MPP Tabuns introduces private members bill to increase amount of leave for grieving parents

News Mar 09, 2016 by Joanna Lavoie Beach Mirror

Toronto-Danforth MPP Peter Tabuns introduced a private member’s bill in the Ontario Legislature earlier this week aimed at giving grieving parents more than 10 days of unpaid leave.

“Ten days is not enough. We need to give parents time to grieve and figure things out,” he said late Tuesday afternoon.

“(Losing a child) is the kind of nightmare parents never want to go through.”

In Bill 175, also knowns as Jonathan’s Law, Tabuns calls on the province to amend the Ontario Employment Standards Act to allow parents who have lost a child under 18 as a result of illness or accident to take 52 weeks of unpaid leave and have guaranteed job protection.

Currently, parents are entitled to a 37 weeks of leave to care for a critically ill child or if a child died as a result of a crime.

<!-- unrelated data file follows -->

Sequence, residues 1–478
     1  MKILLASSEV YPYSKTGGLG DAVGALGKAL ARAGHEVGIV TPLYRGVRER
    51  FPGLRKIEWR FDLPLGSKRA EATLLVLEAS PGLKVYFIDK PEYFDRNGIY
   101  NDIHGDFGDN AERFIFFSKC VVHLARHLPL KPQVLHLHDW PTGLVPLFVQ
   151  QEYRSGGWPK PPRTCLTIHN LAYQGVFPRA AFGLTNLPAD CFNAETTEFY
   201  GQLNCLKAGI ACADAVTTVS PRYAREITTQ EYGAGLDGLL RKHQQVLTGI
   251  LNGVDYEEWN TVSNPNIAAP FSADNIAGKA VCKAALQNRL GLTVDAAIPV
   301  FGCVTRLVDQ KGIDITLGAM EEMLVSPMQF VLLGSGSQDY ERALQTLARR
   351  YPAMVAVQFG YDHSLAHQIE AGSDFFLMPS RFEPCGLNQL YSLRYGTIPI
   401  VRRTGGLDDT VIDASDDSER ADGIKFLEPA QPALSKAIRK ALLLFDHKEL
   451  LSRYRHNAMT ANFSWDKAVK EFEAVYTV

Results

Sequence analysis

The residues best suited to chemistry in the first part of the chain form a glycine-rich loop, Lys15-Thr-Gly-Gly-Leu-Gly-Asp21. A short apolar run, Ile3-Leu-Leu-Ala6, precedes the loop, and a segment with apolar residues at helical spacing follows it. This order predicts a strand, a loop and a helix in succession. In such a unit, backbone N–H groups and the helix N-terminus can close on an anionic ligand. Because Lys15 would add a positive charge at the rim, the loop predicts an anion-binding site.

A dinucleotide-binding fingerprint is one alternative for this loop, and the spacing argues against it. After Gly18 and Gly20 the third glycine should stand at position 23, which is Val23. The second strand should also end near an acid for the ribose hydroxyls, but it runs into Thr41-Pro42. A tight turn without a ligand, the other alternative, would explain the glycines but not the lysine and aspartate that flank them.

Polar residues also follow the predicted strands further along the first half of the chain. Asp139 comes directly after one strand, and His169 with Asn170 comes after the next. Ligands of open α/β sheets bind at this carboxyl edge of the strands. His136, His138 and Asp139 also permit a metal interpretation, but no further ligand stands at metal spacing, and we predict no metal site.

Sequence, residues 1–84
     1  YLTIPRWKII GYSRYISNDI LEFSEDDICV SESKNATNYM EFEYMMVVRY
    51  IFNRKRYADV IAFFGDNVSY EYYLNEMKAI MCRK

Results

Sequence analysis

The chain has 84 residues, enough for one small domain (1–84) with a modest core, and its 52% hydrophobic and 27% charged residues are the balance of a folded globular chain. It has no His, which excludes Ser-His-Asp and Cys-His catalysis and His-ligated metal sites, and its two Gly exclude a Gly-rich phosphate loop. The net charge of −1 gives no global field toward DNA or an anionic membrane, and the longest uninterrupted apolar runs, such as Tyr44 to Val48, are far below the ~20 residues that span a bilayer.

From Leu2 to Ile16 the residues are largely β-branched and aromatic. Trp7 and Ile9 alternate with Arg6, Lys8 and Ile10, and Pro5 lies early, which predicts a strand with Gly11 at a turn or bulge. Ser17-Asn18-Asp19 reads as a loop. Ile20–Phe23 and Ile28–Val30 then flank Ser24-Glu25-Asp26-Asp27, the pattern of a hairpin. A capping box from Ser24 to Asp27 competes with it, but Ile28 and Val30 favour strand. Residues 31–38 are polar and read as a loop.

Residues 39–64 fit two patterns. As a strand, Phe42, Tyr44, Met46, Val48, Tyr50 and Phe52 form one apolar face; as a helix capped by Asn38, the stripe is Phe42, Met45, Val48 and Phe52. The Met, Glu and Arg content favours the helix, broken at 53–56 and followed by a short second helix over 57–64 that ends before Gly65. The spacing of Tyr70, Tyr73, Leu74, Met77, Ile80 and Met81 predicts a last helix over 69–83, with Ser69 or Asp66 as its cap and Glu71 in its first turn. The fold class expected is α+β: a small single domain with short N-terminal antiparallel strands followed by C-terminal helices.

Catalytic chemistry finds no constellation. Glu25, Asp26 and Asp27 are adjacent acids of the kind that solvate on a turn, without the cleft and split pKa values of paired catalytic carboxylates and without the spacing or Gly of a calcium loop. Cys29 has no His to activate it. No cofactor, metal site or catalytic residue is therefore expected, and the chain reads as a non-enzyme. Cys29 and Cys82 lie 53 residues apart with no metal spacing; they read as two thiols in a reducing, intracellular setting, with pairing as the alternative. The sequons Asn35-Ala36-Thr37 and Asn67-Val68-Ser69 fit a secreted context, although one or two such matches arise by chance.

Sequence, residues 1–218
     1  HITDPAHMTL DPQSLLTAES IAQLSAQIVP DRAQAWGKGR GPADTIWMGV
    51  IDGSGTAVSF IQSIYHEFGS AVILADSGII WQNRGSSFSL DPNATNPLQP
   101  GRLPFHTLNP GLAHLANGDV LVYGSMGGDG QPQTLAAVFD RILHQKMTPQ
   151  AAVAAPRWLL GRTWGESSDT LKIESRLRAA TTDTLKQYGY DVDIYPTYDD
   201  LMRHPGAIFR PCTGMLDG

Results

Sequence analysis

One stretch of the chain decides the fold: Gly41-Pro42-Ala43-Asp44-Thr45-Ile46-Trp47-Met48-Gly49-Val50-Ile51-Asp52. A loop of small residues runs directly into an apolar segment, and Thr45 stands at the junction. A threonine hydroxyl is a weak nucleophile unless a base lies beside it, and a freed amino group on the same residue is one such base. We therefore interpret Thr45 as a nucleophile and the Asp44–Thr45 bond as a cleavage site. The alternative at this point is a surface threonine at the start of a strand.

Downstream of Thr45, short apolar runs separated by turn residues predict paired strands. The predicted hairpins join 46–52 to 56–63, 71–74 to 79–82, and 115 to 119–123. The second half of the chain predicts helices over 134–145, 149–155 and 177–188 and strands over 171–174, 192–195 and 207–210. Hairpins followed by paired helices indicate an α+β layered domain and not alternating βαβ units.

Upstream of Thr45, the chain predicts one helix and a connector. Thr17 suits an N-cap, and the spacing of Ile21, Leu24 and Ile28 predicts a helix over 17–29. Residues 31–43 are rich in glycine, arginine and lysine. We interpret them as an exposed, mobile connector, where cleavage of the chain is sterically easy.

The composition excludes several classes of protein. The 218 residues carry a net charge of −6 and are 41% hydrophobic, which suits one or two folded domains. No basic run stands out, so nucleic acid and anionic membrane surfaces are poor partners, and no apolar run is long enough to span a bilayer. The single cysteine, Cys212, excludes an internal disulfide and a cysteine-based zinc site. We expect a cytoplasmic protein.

Bill 175 is named in honour of 16-year-old Jonathan Leitao, who died of cancer in 2014. It came about after Toronto-Danforth residents Meighan Ferris-Miles and Jonathan Miles, who lost their three-and-a-half-year-old son Noah to group A streptococcal disease on Jan. 17, 2015, connected with Vince and Espy Leitao, who had also lost their son.

Together, they approached Tabuns about creating a private member’s bill that would extend bereavement leave for parents.

“After our son Noah died, Jonathan and I were fortunate to work for compassionate employers who provided us with the time we needed to start to adjust to our new normal. Our employers have also been extremely flexible in allowing us to gradually return to the workplace and take time off to attend counselling or manage grief outbursts triggered by important dates such as Noah’s birthday or anniversary of his death,” Ferris-Miles said in an email to The Mirror.

“Not everyone is so fortunate to have great employers, This law, when passed, will ensure that all bereaved parents are provided job protection for up to 52 weeks while they work through their grief.”

A date for a second reading of Jonathan’s Law has yet to be determined. Tabuns said he hopes it will happen by the fall.